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The Counterfeit Family Tree of Vee Crawford-Wong Paperback – July 8, 2014
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From School Library Journal
Gr 9 Up-High school sophomore Vee Crawford-Wong is smart, witty, insecure, occasionally brash, and living with parents who refuse to talk about their pasts. When his history teacher assigns an essay on family history, the teen invents grandparents and experiences to explain his half-Chinese, half-Texan identity. Angry at his parents' silence on this issue, Vee, with the help of his Asian friend, Madison, forges a letter from Vee's imagined Chinese grandparents inviting their son and his family to visit China. When the trip becomes a reality and his dying grandfather is actually located, Vee at last begins to understand his father and himself. This engaging narrative is brimming with what-I-am-thinking vs. what-I-just-did quandaries about girls, sex, athletics, bullies, teachers, coaches, and family relationships. Vee's crush on volatile hottie Adele temporarily blinds him to the loyalty and support of Madison and the integrity of his teacher. His joking demeanor belies his (and possibly readers') understandable frustration with his parents' lack of communication. Ultimately, his mother's and father's family histories and tensions are partially revealed. Although rambling in spots, Vee's story is upbeat, entertaining, and humorous. His personal dilemmas and explicit descriptions and language capture the adolescent male psyche; offer a mixed-ethnicity perspective; portray the social crosscurrents of public high school; and highlight the values of family, forgiveness, and self-respect.-Gerry Larson, formerly at Durham School of the Arts, NCα(c) Copyright 2013. Library Journals LLC, a wholly owned subsidiary of Media Source, Inc. No redistribution permitted. --This text refers to the Hardcover edition.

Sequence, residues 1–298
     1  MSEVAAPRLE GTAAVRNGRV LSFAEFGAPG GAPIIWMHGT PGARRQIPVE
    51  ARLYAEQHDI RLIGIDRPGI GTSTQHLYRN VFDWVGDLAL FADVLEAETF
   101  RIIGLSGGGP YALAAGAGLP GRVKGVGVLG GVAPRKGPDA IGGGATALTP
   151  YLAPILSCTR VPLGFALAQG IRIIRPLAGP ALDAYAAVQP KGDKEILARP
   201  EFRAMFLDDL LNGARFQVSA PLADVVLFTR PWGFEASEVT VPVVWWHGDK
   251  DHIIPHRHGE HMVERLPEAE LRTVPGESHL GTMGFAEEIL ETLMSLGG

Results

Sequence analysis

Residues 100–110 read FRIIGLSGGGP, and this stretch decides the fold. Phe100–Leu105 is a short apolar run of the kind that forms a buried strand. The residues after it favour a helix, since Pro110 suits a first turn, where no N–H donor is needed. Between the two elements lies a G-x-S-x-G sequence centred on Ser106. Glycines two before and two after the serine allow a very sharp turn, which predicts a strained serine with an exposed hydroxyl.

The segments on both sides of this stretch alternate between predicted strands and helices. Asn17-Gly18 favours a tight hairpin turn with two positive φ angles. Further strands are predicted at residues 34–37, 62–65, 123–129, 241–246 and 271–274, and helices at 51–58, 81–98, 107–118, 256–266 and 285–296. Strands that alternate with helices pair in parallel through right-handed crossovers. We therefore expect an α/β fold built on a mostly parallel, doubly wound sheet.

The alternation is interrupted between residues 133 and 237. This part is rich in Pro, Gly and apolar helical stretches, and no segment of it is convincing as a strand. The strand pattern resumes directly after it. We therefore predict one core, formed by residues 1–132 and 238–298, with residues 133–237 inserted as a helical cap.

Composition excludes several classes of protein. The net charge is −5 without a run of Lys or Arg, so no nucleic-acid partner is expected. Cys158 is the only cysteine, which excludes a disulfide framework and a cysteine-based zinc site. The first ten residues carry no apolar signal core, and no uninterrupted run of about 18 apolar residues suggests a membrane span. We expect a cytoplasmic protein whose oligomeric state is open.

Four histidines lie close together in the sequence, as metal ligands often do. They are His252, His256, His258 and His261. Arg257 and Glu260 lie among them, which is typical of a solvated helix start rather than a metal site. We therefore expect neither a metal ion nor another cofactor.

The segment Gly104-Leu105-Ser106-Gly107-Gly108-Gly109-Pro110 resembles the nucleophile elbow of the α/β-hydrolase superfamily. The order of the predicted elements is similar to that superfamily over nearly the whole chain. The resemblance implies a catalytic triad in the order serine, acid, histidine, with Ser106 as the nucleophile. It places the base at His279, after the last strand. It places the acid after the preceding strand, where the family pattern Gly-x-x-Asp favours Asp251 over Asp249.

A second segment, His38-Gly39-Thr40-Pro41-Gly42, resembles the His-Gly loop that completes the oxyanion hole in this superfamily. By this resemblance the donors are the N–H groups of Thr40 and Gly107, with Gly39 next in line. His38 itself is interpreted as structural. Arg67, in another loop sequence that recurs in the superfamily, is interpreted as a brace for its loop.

Vee longs to know more about his mysterious family. Why does Dad never talk about China? Mom hails from Texas but never mentions her family. And that’s only one of the wisecracking California teen’s issues. He longs to be on gorgeous Adele’s radar, make the basketball team, and be less disappointed in the whole business of high school. When JV basketball does not pan out and Vee becomes the girls’ team manager, his social life opens up—but so does a new level of angst. Aided by a friend, Vee forges a letter from China asking the Crawford-Wongs to visit and reconnect with their roots. Will Dad buy it? Suffice it to say, the China trip is the best part of the story, full of suspense regarding who they’ll meet and benefiting from the well-drawn relationship between Vee and his father. The R-rated high-school element includes some stereotyping, and Vee’s intense self-reflection gets a bit overdone. Still, the bittersweet conclusion saves the day and shines a poignant light on family life, regret, and gratitude. Grades 9-12. --Anne OMalley --This text refers to the Hardcover edition.